When you live in a house and treat it as if it were your own, you are expected to take care of regular maintenance. Like mowing lawns and trimming hedges, part of regular maintenance involves cleaning gutters. If the lease says “regular outdoor maintenance” or “landscape care”, there is a valid argument that the tenant should clean the gutters. Ultimately, if you enjoy the home you're renting, you want to promote a good relationship with the landlord, so you may end up having to clean them or split the cost of rain gutter protectors.
However, if you have specific tree species in your garden near the house that shed flowers and leaves during the summer, inspecting and cleaning your gutters then and later in the colder months will save you from worrying about both fire hazards and water damage to the property. Although tenants have a responsibility to keep the rented property in good condition, take care of the garden, and address minor repair issues, cleaning and maintaining gutters is often a landlord's obligation. However, if gutter maintenance isn't detailed in the lease, you may not think it's your job to clean them. Any required cleaning that requires specialized equipment, such as steam cleaning carpets or bathrooms due to lack of care or intentional damage, can be taken from the rental deposit or security deposit.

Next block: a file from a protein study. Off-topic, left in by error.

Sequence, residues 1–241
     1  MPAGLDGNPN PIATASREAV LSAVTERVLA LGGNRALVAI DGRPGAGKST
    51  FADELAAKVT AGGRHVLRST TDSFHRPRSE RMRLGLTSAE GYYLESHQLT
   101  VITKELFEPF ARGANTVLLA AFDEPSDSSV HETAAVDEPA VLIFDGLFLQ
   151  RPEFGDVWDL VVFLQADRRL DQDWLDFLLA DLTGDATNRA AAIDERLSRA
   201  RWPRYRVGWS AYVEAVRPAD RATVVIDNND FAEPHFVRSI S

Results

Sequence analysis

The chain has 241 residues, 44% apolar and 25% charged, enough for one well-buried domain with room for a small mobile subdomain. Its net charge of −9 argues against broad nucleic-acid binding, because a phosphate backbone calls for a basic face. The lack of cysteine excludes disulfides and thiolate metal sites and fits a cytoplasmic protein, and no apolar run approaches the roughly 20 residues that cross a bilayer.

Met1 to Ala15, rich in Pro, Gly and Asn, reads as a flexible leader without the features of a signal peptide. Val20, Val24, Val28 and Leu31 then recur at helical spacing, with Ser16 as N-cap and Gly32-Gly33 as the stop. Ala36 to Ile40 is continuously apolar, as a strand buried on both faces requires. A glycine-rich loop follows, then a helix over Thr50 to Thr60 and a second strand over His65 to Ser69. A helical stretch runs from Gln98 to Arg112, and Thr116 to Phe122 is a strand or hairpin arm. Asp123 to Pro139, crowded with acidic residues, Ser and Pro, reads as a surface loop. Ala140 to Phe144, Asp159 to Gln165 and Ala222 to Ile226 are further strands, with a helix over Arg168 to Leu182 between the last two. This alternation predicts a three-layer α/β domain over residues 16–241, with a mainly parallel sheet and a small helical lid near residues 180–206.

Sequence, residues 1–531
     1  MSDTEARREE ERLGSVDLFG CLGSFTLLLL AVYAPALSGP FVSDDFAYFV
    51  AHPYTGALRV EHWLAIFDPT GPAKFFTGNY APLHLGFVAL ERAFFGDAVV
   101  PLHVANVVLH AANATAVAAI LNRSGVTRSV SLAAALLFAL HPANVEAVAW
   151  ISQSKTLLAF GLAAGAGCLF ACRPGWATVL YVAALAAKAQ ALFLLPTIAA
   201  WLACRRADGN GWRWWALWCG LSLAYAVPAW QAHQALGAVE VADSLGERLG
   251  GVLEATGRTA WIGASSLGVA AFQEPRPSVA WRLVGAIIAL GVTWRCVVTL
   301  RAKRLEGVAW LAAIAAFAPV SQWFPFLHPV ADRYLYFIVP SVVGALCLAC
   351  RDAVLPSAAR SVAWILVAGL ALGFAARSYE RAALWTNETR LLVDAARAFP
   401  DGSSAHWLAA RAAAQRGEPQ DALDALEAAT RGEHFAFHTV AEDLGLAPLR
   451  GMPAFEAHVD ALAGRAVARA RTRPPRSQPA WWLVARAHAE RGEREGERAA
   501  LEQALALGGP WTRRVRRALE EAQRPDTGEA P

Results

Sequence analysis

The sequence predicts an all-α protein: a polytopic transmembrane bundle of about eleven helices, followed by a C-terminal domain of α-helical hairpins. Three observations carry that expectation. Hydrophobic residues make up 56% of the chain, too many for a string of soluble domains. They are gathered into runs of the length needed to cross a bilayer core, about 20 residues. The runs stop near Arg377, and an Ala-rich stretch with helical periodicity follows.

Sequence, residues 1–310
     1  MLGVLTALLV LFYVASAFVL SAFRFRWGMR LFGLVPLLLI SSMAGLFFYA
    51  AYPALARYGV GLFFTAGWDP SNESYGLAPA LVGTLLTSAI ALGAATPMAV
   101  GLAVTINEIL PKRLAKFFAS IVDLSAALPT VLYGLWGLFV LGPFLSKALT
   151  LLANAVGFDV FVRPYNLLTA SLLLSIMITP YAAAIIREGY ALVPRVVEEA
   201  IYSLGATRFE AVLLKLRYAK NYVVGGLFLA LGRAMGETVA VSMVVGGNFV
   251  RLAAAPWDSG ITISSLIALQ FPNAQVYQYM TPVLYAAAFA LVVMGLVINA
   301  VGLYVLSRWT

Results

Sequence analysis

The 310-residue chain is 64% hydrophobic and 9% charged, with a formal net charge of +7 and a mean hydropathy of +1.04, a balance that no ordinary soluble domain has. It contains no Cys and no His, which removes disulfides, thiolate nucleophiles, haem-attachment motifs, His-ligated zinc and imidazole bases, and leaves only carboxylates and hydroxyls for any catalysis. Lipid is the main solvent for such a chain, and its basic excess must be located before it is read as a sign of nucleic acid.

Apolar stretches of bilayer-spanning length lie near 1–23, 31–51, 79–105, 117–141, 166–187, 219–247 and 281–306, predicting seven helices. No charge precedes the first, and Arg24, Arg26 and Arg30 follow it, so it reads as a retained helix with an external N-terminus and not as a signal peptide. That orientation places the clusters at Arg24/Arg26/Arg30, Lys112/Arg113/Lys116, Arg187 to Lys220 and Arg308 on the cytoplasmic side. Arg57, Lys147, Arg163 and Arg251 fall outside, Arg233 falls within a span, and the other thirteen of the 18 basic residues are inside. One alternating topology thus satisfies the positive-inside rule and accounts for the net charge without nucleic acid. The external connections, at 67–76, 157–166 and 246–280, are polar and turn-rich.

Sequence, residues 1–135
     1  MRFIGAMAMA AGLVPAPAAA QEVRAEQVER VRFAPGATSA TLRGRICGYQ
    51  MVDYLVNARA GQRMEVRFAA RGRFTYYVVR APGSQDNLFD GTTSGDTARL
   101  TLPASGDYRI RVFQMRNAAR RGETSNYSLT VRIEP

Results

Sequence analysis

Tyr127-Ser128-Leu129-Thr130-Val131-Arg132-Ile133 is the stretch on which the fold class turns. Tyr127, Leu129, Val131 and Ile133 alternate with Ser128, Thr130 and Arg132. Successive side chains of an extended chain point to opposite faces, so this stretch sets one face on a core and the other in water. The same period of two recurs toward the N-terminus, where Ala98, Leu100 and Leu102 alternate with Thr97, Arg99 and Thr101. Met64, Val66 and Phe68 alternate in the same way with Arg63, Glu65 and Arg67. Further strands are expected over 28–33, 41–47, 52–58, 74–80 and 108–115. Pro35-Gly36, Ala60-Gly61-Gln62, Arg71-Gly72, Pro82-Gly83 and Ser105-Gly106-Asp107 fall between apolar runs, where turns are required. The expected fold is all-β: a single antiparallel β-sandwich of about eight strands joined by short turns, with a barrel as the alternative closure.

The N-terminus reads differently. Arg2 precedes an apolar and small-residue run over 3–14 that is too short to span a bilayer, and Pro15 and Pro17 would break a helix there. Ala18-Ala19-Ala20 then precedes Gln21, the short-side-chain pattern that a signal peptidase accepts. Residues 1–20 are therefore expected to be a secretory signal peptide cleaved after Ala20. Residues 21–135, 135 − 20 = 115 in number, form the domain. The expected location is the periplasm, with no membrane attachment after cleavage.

As a landlord, I fully agree with you Kaylee, that it is the owner's responsibility to clean the gutters. Many landlords don't want the responsibility of sending a tenant up a ladder to take care of the dangerous task of cleaning gutters. But what happens if they aren't clean and damage occurs? Who is responsible for the sewers? We are going to raise both sides of the discussion in today's blog. Otherwise, the general rule is that gutter cleaning should be done once every 12 months, better - in late autumn, when nearby trees have already lost their leaves.
It is too easy to forget or postpone the provision for routine gutter and downspout inspection and cleaning. If you notice your gutters starting to leak or overflow, it's a sign that they need cleaning (or professional inspection).